UN rights chief tells Myanmar military to 'stop murdering' protesters

WION Web Team
Yangon, Myanmar Published: Mar 04, 2021, 04:44 PM(IST)

Protests in Myanmar Photograph:( Reuters )

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At least 38 people died on Wednesday, according to the United Nations, when online images streamed out of Myanmar showing security forces firing into crowds and blood-covered bodies of protesters with bullet wounds in their heads.

At least 54 people have been killed and over 1,700 detained since Myanmar's February 1 coup, the UN rights chief said Thursday, demanding that the military halt its "vicious crackdown".

The comments come after the deadliest day of protests in Myanmar, with at least 38 dead Wednesday in rallies where security forces were seen firing into crowds. 

UN rights chief Michelle Bachelet urged security forces to "halt their vicious crackdown on peaceful protesters".

"Myanmar's military must stop murdering and jailing protesters," she said in a statement.

"It is utterly abhorrent that security forces are firing live ammunition against peaceful protesters across the country," she added.

Bachelet added that she was "also appalled at the documented attacks against emergency medical staff and ambulances attempting to provide care to those who have been injured".

The UN rights office said it had corroborated information that at least 54 people had been killed by police and military officers since February 1.

"The actual death toll, however, could be much higher as these are the figures the office has been able to verify," it stressed.

The killings have escalated sharply in recent days.

The rights office had verified 30 of the 38 deaths reported by other UN entities on Wednesday, saying the killings by security forces had taken place in Yangon, Mandalay, Sagaing, Magway and Mon.

Also read | Myanmar military charges six journalists over coverage of anti-coup protests

"Many of the arbitrary arrests and detentions that have been carried out since February 1 may constitute enforced disappearances," Bachelet warned, calling for the immediate release of all those who remain arbitrarily detained.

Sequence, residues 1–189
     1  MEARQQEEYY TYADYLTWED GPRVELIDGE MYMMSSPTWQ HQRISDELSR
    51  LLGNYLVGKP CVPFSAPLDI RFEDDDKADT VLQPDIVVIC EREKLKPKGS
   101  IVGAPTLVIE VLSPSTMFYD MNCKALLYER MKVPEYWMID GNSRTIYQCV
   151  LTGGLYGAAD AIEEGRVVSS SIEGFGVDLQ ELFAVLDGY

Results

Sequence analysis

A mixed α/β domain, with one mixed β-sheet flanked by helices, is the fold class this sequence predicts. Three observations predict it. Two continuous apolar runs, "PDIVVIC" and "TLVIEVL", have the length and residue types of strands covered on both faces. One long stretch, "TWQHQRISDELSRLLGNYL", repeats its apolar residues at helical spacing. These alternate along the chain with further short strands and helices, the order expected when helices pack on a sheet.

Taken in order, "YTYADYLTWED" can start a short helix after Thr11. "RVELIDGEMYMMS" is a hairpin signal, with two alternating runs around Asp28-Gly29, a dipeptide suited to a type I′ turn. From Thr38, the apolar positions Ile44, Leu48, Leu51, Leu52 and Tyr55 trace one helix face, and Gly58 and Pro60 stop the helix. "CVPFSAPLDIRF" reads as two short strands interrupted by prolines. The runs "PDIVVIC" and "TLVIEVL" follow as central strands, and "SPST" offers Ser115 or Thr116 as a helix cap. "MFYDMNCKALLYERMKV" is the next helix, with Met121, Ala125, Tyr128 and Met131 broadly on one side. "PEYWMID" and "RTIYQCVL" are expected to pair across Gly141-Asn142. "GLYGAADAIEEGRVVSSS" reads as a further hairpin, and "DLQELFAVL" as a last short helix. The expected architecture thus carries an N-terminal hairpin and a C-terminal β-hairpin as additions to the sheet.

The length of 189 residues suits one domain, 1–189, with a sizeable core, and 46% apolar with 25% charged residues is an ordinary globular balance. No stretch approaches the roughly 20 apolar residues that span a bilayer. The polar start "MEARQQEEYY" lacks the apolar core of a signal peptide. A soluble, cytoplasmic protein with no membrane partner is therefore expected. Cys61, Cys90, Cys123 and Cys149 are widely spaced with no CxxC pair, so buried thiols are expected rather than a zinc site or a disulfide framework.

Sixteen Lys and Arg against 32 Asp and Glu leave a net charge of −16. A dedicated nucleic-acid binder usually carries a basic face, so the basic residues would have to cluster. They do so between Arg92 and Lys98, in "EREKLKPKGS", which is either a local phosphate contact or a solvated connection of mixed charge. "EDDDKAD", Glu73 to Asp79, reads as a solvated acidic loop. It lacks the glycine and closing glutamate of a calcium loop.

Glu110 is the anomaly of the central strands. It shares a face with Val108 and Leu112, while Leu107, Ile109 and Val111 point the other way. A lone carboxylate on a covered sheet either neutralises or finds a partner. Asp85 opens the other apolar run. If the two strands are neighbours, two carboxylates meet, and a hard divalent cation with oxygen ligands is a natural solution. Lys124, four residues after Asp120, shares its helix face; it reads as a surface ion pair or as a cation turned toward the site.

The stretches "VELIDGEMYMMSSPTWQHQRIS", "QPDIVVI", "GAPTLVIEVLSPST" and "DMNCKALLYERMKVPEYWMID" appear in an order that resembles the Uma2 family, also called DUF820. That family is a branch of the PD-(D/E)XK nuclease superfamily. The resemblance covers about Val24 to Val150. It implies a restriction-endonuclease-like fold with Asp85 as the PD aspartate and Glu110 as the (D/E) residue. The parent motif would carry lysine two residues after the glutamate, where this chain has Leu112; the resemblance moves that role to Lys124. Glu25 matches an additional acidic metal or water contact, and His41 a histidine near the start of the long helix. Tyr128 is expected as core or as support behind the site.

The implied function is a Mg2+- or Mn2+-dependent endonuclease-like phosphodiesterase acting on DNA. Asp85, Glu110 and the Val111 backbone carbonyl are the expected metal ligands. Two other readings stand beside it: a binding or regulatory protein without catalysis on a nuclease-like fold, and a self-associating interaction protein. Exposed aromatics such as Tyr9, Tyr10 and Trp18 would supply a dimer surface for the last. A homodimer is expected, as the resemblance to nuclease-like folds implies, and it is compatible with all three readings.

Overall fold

She also expressed alarm at the targeting of media workers, with at least 29 journalists arrested in recent days, eight of whom had been charged with crimes, including inciting opposition or hatred of the government and attending unlawful assemblies.

"I urge all those with information and influence... to support international efforts to hold military leaders accountable for the serious human rights violations that have been committed both now and in the past," Bachelet said.

"This is the moment to turn the tables towards justice and end the military's stranglehold over democracy in Myanmar."

Also on Thursday, defiant anti-coup protesters returned to cities and towns across Myanmar after dozens of people were killed in the deadliest day of the junta's crackdown, with global powers condemning the "brutal violence".

At least 38 people died on Wednesday, according to the United Nations, when online images streamed out of Myanmar showing security forces firing into crowds and blood-covered bodies of protesters with bullet wounds in their heads.

Myanmar's military staged its coup on February 1, ending a decade-long experiment with democracy and triggering a mass uprising that the junta has increasingly sought to quash with lethal force.

More than 50 people have been killed since the military takeover, UN envoy to Myanmar Christine Schraner Burgener told reporters.

On Thursday, protesters hit the streets again in Yangon and Mandalay, the nation's two biggest cities, as well as other towns that have been hotspots for unrest.

The junta has sought to hide its crackdown from the rest of the world, choking the internet and banning Facebook -- the most popular social media platform.

Six journalists were also arrested on the weekend and charged under a law prohibiting "causing fear, spreading false news, or agitating directly or indirectly a government employee", according to their lawyer Tin Zar Oo.

One of the first people detained at the start of the coup was Aung San Suu Kyi, the head of the civilian government and a heroine for most people in Myanmar for leading the resistance against the previous dictatorship.

Suu Kyi's National League for Democracy won elections in November last year by a landslide, a result that set the stage for the military's influence to be potentially diluted.

The junta justified its coup by making unfounded allegations that Suu Kyi's party rigged the election. 

Suu Kyi, 75, is reportedly being detained in Naypyidaw, the isolated capital that the military built during its previous, decades-long dictatorship.

The bloody Wednesday violence left the United States "appalled and revulsed," State Department spokesman Ned Price said.

"We call on all countries to speak with one voice to condemn the brutal violence by the Burmese military against its own people," he said, referring to the country by its former name.

French President Emmanuel Macron called for an "immediate end of the repression in Myanmar".

(with inputs from agencies)

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